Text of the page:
An effective waste management program involves more than site procedures for identifying, storing, and disposing of waste. To manage environmental liabilities appropriately, an effective program must also include a process for evaluating the compliance status of your waste facility receptors. Ideally, the process should allow you to answer the following questions:Waste Restricted Site

  1. How are you disposing of waste?
  2. When you send waste to a third party, do you know how it is handled?
  3. Are you sure the waste is disposed of properly? 
  4. Is your firm liable?

Environmental Compliance of Your Waste Receptors

A waste receptor is the site/location to which the waste from your facility is delivered for final disposal/disposition. The waste may be placed in a landfill or mixed with other waste at a hazardous waste treatment, storage, and disposal (TSD) facility. Typical waste receptor sites include hazardous waste landfills, non-hazardous waste landfills, hazardous waste incinerators, tote and drum re-conditioners, tanker washes, metals recovery, waste water treatment, universal waste processing, used oil recycling, hazardous waste TSD sites, and fuels blending sites.

Remember “Cradle to Grave”. Once you have generated a hazardous waste, there is no way to rid yourself of complete responsibility for its final disposition. You will be responsible for any improper offsite transportation and disposal along with all the legal and financial liabilities that might apply. Hazardous waste generators must track waste from the moment it enters the site as a hazardous material to the eventual treatment or disposal of that material. The responsibility for hazardous waste may go beyond the grave, making the waste generator responsible (in part) for the waste handler's actions. Thus, if the handler does a poor job and pollutes the environment, the generator may be responsible for cleanup.

Waste HandlingEach hazardous waste generator's cradle-to-grave liability includes joint and several liability. This means that if there ever is an incident in the future involving the release of hazardous wastes that have been landfilled or otherwise land-disposed, every entity who has ever put waste into that landfill is a responsible party and is responsible for cleanup costs. When a TSD facility cannot cover all of the associated costs, the responsible parties must pick up the difference. Thus, it is prudent for generators to carefully consider their waste handling and disposal options. Options like landfilling are often initially less expensive than incineration or fuels blending, but they have a higher degree of future liability.

It is very important that your facility select the right hazardous waste disposal company. It is important to monitor the performance of your waste receptors. A properly licensed and experienced hazardous waste disposal company is invaluable in helping your company maintain federal and state standards. The right vendor will help you stay in compliance with these regulations, ensure minimal disruption to your operations, and perform these tasks in a cost-effective manner.

Waste Receptor Sites: Auditing

The process for evaluating waste receptor sites typically involves an audit focused on the areas outlined below.

  • General Information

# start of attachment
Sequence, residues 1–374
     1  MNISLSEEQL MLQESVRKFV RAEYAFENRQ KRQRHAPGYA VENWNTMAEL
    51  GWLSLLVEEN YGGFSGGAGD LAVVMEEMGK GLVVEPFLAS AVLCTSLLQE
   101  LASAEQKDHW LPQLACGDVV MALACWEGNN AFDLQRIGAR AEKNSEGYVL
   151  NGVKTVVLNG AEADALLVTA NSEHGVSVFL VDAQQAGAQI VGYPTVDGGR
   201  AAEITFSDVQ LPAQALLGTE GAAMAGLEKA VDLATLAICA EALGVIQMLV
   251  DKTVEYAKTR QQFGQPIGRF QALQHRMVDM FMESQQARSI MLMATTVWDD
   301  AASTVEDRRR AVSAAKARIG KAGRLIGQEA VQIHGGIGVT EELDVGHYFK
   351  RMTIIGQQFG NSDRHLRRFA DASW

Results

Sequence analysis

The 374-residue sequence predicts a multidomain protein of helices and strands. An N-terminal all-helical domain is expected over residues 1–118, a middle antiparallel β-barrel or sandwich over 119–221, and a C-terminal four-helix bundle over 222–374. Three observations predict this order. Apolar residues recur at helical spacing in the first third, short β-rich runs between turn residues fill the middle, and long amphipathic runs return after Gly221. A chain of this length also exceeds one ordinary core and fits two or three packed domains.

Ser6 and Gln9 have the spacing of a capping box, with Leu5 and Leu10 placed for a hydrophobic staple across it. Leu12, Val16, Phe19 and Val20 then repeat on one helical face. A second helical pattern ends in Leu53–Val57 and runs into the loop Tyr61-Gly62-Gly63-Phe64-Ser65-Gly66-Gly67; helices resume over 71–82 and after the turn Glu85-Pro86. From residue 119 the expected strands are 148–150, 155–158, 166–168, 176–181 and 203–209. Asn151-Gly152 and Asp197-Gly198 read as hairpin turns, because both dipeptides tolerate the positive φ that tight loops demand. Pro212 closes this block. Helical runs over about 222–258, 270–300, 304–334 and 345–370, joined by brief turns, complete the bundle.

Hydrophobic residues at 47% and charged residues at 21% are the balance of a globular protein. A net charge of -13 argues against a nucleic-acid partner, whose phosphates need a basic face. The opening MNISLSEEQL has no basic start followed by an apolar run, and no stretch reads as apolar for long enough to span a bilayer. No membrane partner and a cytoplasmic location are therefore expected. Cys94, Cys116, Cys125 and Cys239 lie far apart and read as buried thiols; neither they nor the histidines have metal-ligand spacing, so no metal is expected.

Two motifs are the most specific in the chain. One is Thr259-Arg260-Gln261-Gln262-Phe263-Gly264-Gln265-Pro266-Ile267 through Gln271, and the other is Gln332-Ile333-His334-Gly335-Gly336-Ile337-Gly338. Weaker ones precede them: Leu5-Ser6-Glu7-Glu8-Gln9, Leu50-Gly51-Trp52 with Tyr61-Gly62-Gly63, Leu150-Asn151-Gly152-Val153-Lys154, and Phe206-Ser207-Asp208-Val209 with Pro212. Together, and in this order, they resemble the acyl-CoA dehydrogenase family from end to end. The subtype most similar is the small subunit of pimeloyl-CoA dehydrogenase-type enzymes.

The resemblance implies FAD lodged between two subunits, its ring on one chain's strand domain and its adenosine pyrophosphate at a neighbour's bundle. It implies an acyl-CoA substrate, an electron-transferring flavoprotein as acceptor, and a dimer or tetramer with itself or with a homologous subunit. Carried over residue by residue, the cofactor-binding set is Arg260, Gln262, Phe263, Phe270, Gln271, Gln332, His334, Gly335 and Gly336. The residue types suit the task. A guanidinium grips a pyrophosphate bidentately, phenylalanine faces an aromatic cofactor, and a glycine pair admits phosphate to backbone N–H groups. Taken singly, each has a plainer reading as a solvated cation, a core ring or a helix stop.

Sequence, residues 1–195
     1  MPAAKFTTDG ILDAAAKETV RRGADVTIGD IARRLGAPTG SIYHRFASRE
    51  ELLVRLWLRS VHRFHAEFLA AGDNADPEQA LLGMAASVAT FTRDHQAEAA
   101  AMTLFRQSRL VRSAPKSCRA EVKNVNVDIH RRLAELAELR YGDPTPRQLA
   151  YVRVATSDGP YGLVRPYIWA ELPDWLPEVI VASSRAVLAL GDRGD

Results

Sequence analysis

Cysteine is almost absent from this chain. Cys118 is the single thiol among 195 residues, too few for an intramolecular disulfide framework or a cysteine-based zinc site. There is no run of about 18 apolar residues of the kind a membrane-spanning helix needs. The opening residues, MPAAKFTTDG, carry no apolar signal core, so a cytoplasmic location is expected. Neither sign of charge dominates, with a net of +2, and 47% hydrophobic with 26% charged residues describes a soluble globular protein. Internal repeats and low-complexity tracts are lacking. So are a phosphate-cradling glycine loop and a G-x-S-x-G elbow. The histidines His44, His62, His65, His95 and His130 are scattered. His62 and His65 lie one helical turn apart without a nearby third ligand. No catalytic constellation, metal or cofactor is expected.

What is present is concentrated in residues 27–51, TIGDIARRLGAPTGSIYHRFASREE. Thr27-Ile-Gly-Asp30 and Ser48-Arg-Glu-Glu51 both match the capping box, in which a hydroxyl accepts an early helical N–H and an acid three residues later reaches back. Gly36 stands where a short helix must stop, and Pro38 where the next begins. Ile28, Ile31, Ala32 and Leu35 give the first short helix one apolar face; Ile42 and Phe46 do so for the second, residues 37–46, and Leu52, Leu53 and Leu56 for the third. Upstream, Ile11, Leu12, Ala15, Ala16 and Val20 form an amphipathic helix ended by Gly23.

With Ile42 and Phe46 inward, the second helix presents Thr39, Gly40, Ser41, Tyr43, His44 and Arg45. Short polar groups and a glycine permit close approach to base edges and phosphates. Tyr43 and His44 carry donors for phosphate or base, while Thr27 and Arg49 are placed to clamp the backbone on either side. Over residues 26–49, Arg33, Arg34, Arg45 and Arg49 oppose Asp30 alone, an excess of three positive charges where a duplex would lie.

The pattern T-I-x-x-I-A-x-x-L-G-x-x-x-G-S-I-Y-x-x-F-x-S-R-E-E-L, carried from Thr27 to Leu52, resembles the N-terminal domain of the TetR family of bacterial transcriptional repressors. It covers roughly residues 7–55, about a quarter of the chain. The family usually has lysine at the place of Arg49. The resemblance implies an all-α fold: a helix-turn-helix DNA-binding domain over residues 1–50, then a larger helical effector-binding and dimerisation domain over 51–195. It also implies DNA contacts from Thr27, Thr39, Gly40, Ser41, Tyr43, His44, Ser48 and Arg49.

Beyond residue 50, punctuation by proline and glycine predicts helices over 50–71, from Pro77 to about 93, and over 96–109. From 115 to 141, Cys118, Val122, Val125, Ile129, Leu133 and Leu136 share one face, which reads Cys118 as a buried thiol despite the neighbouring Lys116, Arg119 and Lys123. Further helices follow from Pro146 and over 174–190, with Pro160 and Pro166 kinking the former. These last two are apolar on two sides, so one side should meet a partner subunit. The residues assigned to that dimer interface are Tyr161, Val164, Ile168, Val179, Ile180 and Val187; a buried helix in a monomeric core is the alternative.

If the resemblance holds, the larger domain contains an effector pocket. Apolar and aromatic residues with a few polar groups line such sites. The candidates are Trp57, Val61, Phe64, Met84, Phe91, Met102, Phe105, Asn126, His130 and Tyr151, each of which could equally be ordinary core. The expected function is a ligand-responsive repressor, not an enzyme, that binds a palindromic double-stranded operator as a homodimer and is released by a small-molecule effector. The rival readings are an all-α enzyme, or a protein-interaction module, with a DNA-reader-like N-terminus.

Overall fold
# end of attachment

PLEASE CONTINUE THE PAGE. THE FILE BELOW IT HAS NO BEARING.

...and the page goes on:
Company profile, site profile, facility staffing, facility setting and use, security, and emergency response

  • Summary of Permits
    List of permits and registrations, authorized and prohibited waste

  • Operations Review 
    Hazardous waste TSD, recycling, non-hazardous waste, container management, bulk storage, transportation, laboratory operations, receipt control/waste tracking

  • Residuals Management (including containers)
    Residuals generated/offsite receiver, storm water management

  • Regulatory Compliance Status
    Spill Prevention, Control, and Countermeasure (SPCC)/Resource Conservation and Recovery Act (RCRA) contingency plan, agency reporting, health & safety compliance, agency contact, regulatory inspection history

  • Site Inspection
    Review of the physical site

  • Supporting Data
    Site maps, site layout, insurance certificate, financial statements, permit copies, photographs, logs, correspondence including inspections or violations, agency databases

The Audit Process

Trinity can schedule this audit for your third-party waste receptors. The process begins:

  • with an initial discussion with your facility to identify all third-party waste receptors, and
  • Trinity then contacts the receptor(s) to schedule the site visit and provides a list of audit questions for completion and use during the audit 

Trinity collects information about the waste receptor prior to the audit, during the audit, and after completion of the audit. Once on site:

  • the Trinity Auditor thoroughly examines site procedures and processes,
  • interviews the site contact(s), and
  • reviews various permits and written programs 
  • The Trinity Auditor also conducts a site walk-through to evaluate, storage areas, outfalls, property boundaries and housekeeping 
  • Photographs of the site are taken when approved by the site

The Report

Trinity will organize all the data collected from the site audit into a finished report. The report includes details regarding site documentation and conditions as well as conclusions regarding the risk of using the facility for waste disposal. Corrective actions are also noted. 

Trinity Can Help

Trinity staff has conducted more than 1,500 of these audits for our waste-generating industrial clients. For all your environmental or occupational health and safety challenges, Trinity has the deep experience and commitment to client service to meet your needs.  For assistance, contact Trinity at (800) 229-6655